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An Introduction to Impact Investing

Resource Center - Foundation

by James Puddicombe

Impact investing is a new way both private and public investors can make money while doing good for society. It represents investment in organizations or funds that aim to provide a financial return, as well as a clear intention to provide measurable social returns.  

When a typical grant is provided, it is done so knowing that you will not make a financial return on your investment, but will generate a social benefit. In contrast, impact investing specifically seeks a financial and measurable social return. The nature of impact investing creates a bridge between the private, public, and social sector as it seeks to find innovative ways in which private capital can be leveraged to tackle escalating social issues. 

There are three overarching components to impact investing: the supplier of capital (the impact investors), the organizations that are demanding investment, and the organization or product that facilitates this relationship (otherwise known as the intermediary). 

Impact Investing Is a Strategy

Some impact investors are looking to receive market rate financial returns, while concurrently capitalizing initiatives that advance their social intentions.  Impact investing is a strategy, and not a separate asset class (examples of asset classes are stocks, bonds, and real estate).  This is a critical distinction to understand, as the impact investor is still using traditional asset classes that have decades of proven data on financial returns, just with a different strategy towards investment. 

The difference is that impact investment seeks to also measure a return on the social value added that has stemmed from your investment. To help conceptualize this, consider the example of the Social Enterprise Fund (SEF), an Edmonton-based collaborative developed by the Edmonton Community Foundation, the United Way of the Alberta Capital Region, and the City of Edmonton. 

This initiative provides loans to Alberta-based social enterprises that have had difficulty obtaining financing from traditional institutions, mainly due to the small size and uncommon structure of their business. The value added for the fund is in the organizations that they lend to and their ability to demonstrate a social return on investment. By setting out clear, measureable social outcomes before investment, impact investors are able to track social return by observing these outcomes at the end of the investment cycle.

One of the leaders in this space in Canada is the Community Foundation of Ottawa. They now have 8% of their $110 million endowment allocated to impact investing, focusing on loans to charities, affordable housing development, and social enterprises.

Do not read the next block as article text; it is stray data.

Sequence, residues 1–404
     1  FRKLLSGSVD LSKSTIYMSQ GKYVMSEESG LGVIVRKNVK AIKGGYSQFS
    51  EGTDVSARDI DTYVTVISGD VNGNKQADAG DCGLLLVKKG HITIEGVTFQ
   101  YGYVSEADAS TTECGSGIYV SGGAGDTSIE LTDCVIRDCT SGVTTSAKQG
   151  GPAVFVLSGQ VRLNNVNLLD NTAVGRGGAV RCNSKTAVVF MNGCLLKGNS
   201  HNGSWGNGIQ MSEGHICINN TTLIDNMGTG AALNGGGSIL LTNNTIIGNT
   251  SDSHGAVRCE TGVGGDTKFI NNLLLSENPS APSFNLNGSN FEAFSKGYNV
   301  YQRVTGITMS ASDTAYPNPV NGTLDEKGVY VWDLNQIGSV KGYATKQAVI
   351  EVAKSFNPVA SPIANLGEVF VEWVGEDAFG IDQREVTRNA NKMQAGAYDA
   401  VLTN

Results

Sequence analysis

Brian Toller, who led the foundation's move into this type of strategy when he was board chair, says, “Impact investing makes sense for a foundation like ours with a social mission. It better aligns our assets with our purpose, while at the same time opens the door for charities to use new financial tools to help them have greater impact."

Growth in Impact Investing Fueled By Private Investors

To date, most impact investment has come from private investors – foundations, family offices, and high-net worth individuals. Their capital has certainly led the charge on the development of the impact investment philosophy, contributing to a number of affordable housing initiatives, equity and loan financing for small to medium-sized social enterprises, and the ever-expanding field of micro-finance. 

As we witness the field of impact investment grow from the margins to the mainstream, there are a number of institutional investors joining the conversation, including pension plans, banks, and insurance companies. There has also been substantial institutional movement in the space of impact investment, a very exciting trend. A good example is the development of functional health care infrastructure in Africa.

As charitable organizations look for different ways to diversify their funding, impact investment holds significant relevance. These investments offer an alternative to grants and add to the financial capacity and sustainability of the charitable sector. As more private and public investors become aware of the benefits that impact investing has to offer, it will be equally important that the demand side organizations (including charities) recognize the advantages that come with this new approach, as it provides an excellent way for organizations to diversify their revenue base and contribute to the continued sustainability of the charitable sector.

Impact investing offers new opportunities for the sector as a whole, and we should look forward to seeing its growth and development in the years to come.

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